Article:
Column: Soccer world’s struggle with racism seems never ending
The headline in the tabloid newspaper Corriere dello Sport landed like a thud.
“Black Friday,” it read in capital letters, between photos of Roma defender Chris Smalling and Milan forward Romelu Lukaku. It was meant to preview Friday’s Serie A match between the two former Manchester United teammates, which ended in a scoreless draw.
Instead, it ripped open fresh wounds.
Italian soccer has long been sullied by vile racism. This season that has been taken up a notch with Lukaku targeted for verbal abuse by fans in Cagliari, a match in Parma suspended when racist chants were heard coming from the crowd, a TV commentator dismissed for saying of Lukaku “the only way to [stop] him is maybe give him 10 bananas” and Roma banning a fan for life after he racially abused Brazilian defender Juan Jesus on social media.
And that was just September.
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Two months later, Brescia’s Mario Balotelli threatened to leave the field after racist chants were directed at him in Verona, an incident Brescia president Massimo Cellino later appeared to minimize by saying of Balotelli, who has suffered repeated racist attacks in his native Italy: “What can I say? That he’s black and he’s working to whiten himself, but he has great difficulties in this.”
The team said Cellino, whose club is in last place, made the comments in jest. But former U.S. national team players DaMarcus Beasley and Oguchi Onyewu, both targets of racial taunts while playing in Europe, failed to see the humor.
“It hurts,” said Beasley, who retired this fall after playing in a record-tying four World Cups. “At the end of the day, we’re people. We’re human beings.
“It hurts that people see you in a different light just because of the color of your skin.”
Onyewu was equally as troubled.
“We’re almost 2020 now, and the fact that this is actually still an issue in a progressive world, I’m without words,” he said. “It shouldn’t be accepted and it shouldn’t be tolerated.”
But it’s still happening.
During Saturday’s Premier League game in Manchester, video on social media captured a City supporter who appeared to be making racist gestures toward a Manchester United player.
In October, a Manchester United supporter was ejected after making racist comments during a game with Liverpool, one of several incidents that have marred English soccer this season.
Beasley was first subject to abuse 15 years ago, while playing in a Champions League qualifying match for Dutch club PSV Eindhoven in Belgrade, where fans mocked him with monkey chants.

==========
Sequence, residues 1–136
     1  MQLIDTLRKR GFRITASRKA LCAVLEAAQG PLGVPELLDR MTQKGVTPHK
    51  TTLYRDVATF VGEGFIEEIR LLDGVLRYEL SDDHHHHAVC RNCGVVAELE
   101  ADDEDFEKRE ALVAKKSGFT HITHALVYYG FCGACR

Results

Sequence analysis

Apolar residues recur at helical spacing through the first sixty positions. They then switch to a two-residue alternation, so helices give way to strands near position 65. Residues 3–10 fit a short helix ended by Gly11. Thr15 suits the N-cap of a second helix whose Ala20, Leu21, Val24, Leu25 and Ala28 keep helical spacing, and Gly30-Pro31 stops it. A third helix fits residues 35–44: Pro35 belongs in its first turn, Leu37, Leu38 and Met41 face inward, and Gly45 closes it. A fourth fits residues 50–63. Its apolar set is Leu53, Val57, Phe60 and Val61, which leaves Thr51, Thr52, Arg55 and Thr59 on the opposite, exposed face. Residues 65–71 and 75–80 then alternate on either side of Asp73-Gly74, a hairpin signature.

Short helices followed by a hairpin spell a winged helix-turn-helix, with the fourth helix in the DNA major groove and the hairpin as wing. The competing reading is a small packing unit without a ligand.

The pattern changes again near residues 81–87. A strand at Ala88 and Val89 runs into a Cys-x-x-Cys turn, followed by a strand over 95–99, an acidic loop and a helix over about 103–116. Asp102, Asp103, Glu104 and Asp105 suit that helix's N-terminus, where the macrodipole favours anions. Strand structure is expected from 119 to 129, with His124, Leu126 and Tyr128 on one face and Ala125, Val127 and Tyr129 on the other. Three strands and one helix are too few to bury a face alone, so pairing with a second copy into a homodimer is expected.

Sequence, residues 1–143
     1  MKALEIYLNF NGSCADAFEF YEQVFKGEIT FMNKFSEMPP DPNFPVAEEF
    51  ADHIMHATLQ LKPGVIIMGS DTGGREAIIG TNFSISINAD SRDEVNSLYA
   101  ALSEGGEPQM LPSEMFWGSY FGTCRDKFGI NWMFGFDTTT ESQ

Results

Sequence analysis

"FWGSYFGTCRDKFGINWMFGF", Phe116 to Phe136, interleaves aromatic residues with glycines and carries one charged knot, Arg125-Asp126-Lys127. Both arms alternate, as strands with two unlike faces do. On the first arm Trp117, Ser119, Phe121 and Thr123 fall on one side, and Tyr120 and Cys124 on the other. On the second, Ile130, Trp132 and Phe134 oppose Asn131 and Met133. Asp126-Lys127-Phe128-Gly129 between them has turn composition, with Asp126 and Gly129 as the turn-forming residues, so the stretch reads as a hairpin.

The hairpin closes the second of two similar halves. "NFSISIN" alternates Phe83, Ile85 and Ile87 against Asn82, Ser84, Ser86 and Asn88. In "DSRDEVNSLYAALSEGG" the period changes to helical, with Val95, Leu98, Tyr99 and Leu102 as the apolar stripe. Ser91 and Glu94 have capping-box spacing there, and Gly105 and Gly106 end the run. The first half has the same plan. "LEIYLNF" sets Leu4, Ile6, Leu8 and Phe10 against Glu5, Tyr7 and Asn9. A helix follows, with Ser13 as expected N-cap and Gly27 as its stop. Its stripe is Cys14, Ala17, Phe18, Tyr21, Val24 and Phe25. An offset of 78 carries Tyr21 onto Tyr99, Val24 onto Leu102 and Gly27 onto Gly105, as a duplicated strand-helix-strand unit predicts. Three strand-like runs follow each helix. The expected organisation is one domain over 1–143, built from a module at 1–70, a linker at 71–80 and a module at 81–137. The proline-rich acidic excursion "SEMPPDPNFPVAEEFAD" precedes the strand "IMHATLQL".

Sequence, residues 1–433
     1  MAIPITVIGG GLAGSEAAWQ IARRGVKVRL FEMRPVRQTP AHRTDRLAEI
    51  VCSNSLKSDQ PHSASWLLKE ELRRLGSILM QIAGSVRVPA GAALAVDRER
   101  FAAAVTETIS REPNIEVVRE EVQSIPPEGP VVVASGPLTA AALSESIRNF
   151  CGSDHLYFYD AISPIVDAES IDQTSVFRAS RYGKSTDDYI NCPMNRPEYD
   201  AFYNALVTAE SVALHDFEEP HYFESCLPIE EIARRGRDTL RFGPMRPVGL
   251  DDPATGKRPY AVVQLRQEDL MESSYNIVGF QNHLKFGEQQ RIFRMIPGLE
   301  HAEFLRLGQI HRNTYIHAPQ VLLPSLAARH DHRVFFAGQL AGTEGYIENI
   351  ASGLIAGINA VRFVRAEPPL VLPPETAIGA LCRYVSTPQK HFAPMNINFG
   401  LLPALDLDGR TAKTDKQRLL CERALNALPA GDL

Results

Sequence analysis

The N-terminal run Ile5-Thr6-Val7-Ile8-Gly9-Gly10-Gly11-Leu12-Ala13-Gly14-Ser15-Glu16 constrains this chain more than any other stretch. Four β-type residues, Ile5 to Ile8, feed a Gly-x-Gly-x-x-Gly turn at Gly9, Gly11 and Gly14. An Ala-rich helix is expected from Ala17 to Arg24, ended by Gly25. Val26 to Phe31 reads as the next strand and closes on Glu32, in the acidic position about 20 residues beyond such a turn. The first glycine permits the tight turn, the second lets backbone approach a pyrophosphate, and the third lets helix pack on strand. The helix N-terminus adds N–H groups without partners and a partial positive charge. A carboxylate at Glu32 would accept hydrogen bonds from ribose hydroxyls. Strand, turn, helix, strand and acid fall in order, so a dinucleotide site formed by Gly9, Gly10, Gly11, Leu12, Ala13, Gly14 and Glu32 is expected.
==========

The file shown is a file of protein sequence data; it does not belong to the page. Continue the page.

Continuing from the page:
Three years later, while playing for Glasgow in a Champions League qualifier in Montenegro, fans made monkey noises every time Beasley or Guyanese teammate Jean-Claude Darcheville touched the ball.
“It’s so hard to act like you don’t hear it,” Beasley said. “It’s definitely not something you forget. It was 12 years ago, and I remember it like it was yesterday.
“Forget the game, forget the results, forget being a soccer player. The hardest [thing] is that it actually happened.”
Onyewu was also abused repeatedly, the most severe incident coming in a 2009 match between Belgium clubs Standard Liege and Anderlecht. Onyewu said Anderlecht’s Jelle Van Damme — who later played two seasons for the Galaxy — used racial slurs and called him “a dirty monkey” three times. Incensed, Onyewu sued, then settled out of court when Van Damme apologized publicly.
On another occasion, Onyewu said he was preparing for a throw-in when a fan reached out “and just clocked me.”
“I look at the referee and he’s telling me to play on as if I’m the one that’s crazy. Like ‘Oh, get on with it. It’s just nothing,’ ” he said. “That’s a privilege to them that they don’t have to go through it. But the people that have lived it, they understand the severity of an experience like that.”
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In Italy, “the rot is deep,” according to Piara Powar, executive director of FARE, European soccer’s antidiscrimination watchdog.
“They have failed to protect countless players from racism over the past year and have no meaningful response to the endemic racism in stadiums,” Powar told the BBC. “No one is taking the issue seriously.”
That may be starting to change. Ten days ago, Milan and Roma persuaded the 20 Serie A clubs to sign an open letter in which they publicly admitted Italian football has a chronic racism issue and called on the league deliver a comprehensive and robust antiracism policy, stricter laws and a plan for educating those within the game about the scourge of racism.
“Italian football has been soft on racism for far too long, and that is not something we are prepared to accept any more,” said Paul Rogers, chief strategy officer for Roma. “In 2019, it shouldn’t need a football club to tell anyone that making monkey noises or racist comments to black players is unacceptable.”
A week later Corriere dello Sport proved just how difficult a fight Rogers and Roma have on their hands.
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